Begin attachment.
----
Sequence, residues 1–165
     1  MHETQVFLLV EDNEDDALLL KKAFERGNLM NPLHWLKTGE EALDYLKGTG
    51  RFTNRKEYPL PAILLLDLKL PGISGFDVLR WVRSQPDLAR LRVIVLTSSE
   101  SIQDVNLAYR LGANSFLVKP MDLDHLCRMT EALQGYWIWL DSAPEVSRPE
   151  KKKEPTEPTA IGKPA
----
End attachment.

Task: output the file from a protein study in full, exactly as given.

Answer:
Sequence, residues 1–165
     1  MHETQVFLLV EDNEDDALLL KKAFERGNLM NPLHWLKTGE EALDYLKGTG
    51  RFTNRKEYPL PAILLLDLKL PGISGFDVLR WVRSQPDLAR LRVIVLTSSE
   101  SIQDVNLAYR LGANSFLVKP MDLDHLCRMT EALQGYWIWL DSAPEVSRPE
   151  KKKEPTEPTA IGKPA